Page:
Sensors (Basel). 2016 Oct 25;16(11):1782. doi: 10.3390/s16111782.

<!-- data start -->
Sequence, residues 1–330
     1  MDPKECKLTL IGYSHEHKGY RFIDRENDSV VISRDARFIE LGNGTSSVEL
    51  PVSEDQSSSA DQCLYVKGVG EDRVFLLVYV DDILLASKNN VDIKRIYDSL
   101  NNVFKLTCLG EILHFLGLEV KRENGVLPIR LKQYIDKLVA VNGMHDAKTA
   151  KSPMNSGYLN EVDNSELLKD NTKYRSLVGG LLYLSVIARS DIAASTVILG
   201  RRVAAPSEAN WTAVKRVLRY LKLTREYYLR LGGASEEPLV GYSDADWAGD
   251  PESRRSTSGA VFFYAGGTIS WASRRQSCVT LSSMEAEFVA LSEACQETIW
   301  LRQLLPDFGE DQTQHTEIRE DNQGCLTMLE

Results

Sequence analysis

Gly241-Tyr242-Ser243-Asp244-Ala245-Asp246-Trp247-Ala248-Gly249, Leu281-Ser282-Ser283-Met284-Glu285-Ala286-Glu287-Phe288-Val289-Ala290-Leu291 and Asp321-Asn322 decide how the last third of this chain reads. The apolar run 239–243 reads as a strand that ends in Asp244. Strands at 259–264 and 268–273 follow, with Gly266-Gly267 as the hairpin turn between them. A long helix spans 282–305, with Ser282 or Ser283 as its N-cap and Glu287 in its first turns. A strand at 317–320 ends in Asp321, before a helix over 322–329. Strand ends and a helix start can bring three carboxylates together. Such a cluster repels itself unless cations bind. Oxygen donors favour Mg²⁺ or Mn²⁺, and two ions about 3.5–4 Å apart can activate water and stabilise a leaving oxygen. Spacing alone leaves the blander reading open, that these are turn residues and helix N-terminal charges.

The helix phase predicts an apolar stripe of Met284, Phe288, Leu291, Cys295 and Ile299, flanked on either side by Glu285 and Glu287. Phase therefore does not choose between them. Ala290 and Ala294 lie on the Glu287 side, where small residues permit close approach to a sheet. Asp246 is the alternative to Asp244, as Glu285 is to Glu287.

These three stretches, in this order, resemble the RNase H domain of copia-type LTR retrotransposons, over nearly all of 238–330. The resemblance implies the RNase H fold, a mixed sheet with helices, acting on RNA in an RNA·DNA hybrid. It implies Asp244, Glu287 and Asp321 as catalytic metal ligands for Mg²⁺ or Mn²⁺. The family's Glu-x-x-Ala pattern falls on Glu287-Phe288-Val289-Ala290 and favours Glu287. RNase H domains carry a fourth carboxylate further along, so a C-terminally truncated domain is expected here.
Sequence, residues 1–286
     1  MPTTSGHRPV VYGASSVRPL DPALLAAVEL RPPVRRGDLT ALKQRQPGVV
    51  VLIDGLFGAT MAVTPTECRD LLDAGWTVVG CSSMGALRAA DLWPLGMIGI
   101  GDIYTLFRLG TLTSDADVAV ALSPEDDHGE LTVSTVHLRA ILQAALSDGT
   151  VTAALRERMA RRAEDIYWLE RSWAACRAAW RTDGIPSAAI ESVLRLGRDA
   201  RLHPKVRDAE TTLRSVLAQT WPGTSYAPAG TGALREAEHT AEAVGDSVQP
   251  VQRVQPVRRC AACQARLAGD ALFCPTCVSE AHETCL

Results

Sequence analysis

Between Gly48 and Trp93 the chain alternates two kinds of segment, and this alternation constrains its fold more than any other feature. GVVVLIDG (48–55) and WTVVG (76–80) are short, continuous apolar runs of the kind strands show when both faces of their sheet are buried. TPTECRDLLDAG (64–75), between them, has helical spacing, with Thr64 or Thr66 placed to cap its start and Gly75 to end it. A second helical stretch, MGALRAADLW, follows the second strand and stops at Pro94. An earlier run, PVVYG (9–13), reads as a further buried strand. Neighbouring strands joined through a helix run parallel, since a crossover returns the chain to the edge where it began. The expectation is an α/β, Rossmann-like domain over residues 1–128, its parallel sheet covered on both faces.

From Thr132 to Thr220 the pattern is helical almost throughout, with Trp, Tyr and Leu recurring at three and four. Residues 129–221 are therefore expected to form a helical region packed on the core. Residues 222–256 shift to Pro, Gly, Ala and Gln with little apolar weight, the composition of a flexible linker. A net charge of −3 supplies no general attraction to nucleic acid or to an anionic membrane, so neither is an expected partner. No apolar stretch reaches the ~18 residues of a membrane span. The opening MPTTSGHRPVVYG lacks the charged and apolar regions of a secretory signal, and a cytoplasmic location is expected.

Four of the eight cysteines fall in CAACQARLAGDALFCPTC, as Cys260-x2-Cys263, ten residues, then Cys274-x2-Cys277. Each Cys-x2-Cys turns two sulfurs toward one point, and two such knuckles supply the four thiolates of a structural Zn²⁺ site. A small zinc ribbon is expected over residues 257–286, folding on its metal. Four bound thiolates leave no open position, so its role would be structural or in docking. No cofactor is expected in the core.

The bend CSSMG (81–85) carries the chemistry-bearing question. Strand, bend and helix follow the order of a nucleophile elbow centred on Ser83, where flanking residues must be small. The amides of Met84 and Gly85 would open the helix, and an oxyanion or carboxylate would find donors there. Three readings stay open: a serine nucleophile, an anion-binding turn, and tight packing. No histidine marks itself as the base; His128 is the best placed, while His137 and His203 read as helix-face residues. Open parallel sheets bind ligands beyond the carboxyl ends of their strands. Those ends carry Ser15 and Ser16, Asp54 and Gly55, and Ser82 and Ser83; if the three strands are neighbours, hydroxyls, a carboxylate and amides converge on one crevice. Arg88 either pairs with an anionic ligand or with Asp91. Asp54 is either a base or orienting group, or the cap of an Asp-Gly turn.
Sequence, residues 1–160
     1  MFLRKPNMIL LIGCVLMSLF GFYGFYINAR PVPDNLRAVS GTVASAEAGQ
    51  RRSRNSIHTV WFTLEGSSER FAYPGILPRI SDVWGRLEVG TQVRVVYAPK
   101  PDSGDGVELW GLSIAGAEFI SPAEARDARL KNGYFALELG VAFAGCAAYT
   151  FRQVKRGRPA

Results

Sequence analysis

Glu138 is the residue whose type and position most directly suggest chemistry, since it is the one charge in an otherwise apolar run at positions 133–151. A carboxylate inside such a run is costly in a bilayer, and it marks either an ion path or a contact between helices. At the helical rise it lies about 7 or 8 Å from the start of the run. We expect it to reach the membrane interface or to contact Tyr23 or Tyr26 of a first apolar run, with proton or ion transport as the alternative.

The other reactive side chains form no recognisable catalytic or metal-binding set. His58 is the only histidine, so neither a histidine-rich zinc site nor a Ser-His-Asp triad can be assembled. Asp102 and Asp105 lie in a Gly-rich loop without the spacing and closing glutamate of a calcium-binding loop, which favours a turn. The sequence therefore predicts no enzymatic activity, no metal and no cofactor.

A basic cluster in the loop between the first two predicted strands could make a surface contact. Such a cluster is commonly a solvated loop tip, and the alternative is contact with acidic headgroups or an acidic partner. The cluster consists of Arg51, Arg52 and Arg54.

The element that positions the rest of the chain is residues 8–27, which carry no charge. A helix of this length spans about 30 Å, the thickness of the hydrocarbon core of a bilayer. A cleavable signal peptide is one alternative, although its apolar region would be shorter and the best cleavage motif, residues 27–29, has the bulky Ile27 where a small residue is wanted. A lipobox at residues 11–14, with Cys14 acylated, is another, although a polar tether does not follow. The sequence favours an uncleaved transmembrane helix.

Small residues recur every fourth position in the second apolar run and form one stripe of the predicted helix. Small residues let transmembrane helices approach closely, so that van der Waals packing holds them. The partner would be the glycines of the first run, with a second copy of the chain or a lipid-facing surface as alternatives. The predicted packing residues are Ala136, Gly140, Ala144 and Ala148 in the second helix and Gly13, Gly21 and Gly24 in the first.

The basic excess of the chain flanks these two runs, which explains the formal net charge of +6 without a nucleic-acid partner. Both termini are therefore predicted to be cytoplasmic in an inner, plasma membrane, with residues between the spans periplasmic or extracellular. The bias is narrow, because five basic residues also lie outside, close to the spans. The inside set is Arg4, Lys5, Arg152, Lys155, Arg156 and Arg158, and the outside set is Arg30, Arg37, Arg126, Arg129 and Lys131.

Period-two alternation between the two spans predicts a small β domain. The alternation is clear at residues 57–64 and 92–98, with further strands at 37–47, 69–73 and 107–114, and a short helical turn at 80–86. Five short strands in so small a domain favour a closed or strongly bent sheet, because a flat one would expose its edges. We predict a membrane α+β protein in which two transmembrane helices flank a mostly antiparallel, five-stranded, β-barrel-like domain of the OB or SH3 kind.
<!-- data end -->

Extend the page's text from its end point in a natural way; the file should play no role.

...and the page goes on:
Surface electromyography (sEMG) is a technique for recording natural muscle activation signals, which can serve as control inputs for exoskeletons and prosthetic devices. Previous experiments have incorporated these signals using both classical and pattern-recognition control methods in order to actuate such devices. We used the results of an experiment incorporating grasp and release actions with object contact to develop an intent-recognition system based on Gaussian mixture models (GMM) and continuous-emission hidden Markov models (HMM) of sEMG data. We tested this system with data collected from 16 individuals using a forearm band with distributed sEMG sensors. The data contain trials with shifted band alignments to assess robustness to sensor placement. This study evaluated and found that pattern-recognition-based methods could classify transient anticipatory sEMG signals in the presence of shifted sensor placement and object contact. With the best-performing classifier, the effect of label lengths in the training data was also examined. A mean classification accuracy of 75.96% was achieved through a unigram HMM method with five mixture components. Classification accuracy on different sub-movements was found to be limited by the length of the shortest sub-movement, which means that shorter sub-movements within dynamic sequences require larger training sets to be classified correctly. This classification of user intent is a potential control mechanism for a dynamic grasping task involving user contact with external objects and noise. Further work is required to test its performance as part of an exoskeleton controller, which involves contact with actuated external surfaces.